This discussion deals with the true subsidy publishing format. It does not deal with hybrid publishers blending various formats claiming to
be subsidy publishers.

The simplest definition of subsidy publishing is "a partnership between a publisher and an author, with each providing an investment in
the successful development and sale of a book, with each sharing the profits."

Subsidy publishing is not a popular model for some professionals in the publishing industry. These professionals aggressively speak out
against it and the reasons are simple and obvious. In spite of the continual negative campaign waged by many in the industry by blending
subsidy publishing with vanity and self publishing and painting them all together with a broad brush, the differences are distinct and
uniquely different.

Subsidy publishing, in spite of some negative publicity, is experiencing incredible growth, with some of the largest publishing houses
entering the arena with their own offerings of subsidy publishing. The houses of Thomas Nelson, Harlequin, Lifeway, Hayhouse, Penguin
Random now own all or portions of subsidy imprints. With subsidy publishing gaining a greater foothold in the industry every year,  
traditional publishers are becoming more risk adverse and losing ground. Despite the misinformation and negative campaigns, subsidy
publishing shows no signs of slowing down and most likely, along with self-publishing and e-publishing formats, may dominate the
publishing industry in a few years.

Subsidy publishing, to the benefit of aspiring authors, allows publishers to accept more writers, have more titles in print, with less overall
risk. This provides those who have not had the prospect of publishing with a traditional only publisher, or lack the expertise, time or
money to self-publish and market their own work, an opportunity to get their work into the market and available for sale. Few books
with dubious content regardless of how fabulous the covers are, have much of a chance at success regardless of who publishes them.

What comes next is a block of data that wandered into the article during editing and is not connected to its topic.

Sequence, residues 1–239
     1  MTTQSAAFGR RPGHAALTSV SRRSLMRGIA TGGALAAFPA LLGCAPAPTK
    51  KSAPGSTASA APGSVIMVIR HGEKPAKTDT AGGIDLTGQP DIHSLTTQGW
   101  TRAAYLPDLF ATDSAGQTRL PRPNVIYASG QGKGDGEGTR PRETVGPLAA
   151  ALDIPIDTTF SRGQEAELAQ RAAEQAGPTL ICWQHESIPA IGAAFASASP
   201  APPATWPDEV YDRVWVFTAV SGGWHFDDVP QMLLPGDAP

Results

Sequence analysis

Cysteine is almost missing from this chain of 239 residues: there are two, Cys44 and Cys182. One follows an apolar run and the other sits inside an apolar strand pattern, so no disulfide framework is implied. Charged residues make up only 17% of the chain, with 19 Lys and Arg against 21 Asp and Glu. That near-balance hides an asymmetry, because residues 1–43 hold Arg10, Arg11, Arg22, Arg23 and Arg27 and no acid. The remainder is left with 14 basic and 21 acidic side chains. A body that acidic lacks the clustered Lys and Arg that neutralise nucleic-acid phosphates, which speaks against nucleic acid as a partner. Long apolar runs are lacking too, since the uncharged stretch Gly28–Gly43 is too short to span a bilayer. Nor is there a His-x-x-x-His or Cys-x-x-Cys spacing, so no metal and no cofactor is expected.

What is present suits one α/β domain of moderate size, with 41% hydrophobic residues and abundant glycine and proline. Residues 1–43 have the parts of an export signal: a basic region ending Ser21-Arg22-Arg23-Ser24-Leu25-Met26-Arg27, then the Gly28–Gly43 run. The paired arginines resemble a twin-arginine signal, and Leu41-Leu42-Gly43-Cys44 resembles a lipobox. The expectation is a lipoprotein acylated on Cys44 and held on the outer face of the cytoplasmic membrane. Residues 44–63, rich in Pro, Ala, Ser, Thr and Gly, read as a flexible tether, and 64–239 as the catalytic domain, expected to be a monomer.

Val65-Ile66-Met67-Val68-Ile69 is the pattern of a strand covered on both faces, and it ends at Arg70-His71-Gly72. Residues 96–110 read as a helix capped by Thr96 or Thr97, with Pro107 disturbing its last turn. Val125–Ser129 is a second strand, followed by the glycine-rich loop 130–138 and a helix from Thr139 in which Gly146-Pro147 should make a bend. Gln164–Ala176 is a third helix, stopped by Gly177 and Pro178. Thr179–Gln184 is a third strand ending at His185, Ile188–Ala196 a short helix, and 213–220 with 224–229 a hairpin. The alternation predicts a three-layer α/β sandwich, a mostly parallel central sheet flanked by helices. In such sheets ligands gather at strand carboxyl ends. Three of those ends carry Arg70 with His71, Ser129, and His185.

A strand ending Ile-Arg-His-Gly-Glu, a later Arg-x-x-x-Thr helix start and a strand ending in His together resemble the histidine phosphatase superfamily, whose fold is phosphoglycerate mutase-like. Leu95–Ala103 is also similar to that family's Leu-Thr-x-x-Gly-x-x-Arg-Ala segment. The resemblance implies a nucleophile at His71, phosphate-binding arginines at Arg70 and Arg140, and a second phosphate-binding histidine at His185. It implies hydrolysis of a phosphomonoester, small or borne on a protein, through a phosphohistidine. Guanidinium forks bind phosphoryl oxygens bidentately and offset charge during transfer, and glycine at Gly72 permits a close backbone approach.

In subsidy publishing, with the author subsidizing a portion of the costs in partnership with the publisher, the publisher no longer has to
fund the entire project and has a partner with a vested financial interest in the success of the book. The authors generally have more say-
so in the production of the book than with traditional publishers, and more involvement in promotion and marketing. Both parties invest
in the work expecting the success of the book will provide a return on their investment. This is not to say that subsidy publishing or any
other type of publishing is best for all authors, as one size doesn't fit all in the publishing industry.

There are many reasons why some in the industry malign subsidy publishing . . .  and those reasons are obvious. Subsidy publishing
allows writers direct access to the publisher. Many of those making a living by providing services to aspiring authors, are now left with
fewer writers utilizing their services, and subsequently fewer profits.

Some literary agents who derive their income from selling an author’s work only to traditional publishing houses for typically 15% of the
profits, are literally cut out of the loop entirely. Aspiring authors can go directly to subsidy publishers without the necessity of an agent.
Graphic and interior layout designers, editors, printers, advertising and marketing specialists, book publicists and the numerous other
individuals providing workshops on how to get published and authoring books on how to find an agent, write a synopsis, get a publisher
and so on, are all experiencing diminishing profits from aspiring authors as a result of subsidy publishing. True subsidy publishers
generally provide all of these services in the production of the author’s work, making it available for sale to the public, thus eliminating
the need for most of these services.

Some writer’s forums, rally against anything except traditional publishing. The more controversy they create, the more notoriety they
achieve, and the more they can charge for advertising on their sites, which interestingly is generally from the very publishers they rally